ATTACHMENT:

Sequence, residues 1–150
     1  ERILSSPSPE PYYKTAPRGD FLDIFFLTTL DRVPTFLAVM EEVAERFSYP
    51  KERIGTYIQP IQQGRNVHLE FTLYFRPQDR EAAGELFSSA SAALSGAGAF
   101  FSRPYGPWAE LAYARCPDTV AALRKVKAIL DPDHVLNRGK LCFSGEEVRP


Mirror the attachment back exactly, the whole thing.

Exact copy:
Sequence, residues 1–150
     1  ERILSSPSPE PYYKTAPRGD FLDIFFLTTL DRVPTFLAVM EEVAERFSYP
    51  KERIGTYIQP IQQGRNVHLE FTLYFRPQDR EAAGELFSSA SAALSGAGAF
   101  FSRPYGPWAE LAYARCPDTV AALRKVKAIL DPDHVLNRGK LCFSGEEVRP